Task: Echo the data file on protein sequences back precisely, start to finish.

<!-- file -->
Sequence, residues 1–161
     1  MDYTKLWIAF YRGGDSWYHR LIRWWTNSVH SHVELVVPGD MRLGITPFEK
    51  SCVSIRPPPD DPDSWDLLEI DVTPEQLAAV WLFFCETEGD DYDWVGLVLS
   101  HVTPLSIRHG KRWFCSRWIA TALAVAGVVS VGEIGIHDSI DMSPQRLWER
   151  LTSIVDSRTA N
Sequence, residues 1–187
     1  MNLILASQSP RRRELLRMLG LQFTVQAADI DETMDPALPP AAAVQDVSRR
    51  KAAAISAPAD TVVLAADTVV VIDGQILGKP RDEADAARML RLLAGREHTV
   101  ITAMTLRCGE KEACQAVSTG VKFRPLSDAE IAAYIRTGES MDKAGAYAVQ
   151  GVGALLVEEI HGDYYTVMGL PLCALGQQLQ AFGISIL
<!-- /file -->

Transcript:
Sequence, residues 1–161
     1  MDYTKLWIAF YRGGDSWYHR LIRWWTNSVH SHVELVVPGD MRLGITPFEK
    51  SCVSIRPPPD DPDSWDLLEI DVTPEQLAAV WLFFCETEGD DYDWVGLVLS
   101  HVTPLSIRHG KRWFCSRWIA TALAVAGVVS VGEIGIHDSI DMSPQRLWER
   151  LTSIVDSRTA N
Sequence, residues 1–187
     1  MNLILASQSP RRRELLRMLG LQFTVQAADI DETMDPALPP AAAVQDVSRR
    51  KAAAISAPAD TVVLAADTVV VIDGQILGKP RDEADAARML RLLAGREHTV
   101  ITAMTLRCGE KEACQAVSTG VKFRPLSDAE IAAYIRTGES MDKAGAYAVQ
   151  GVGALLVEEI HGDYYTVMGL PLCALGQQLQ AFGISIL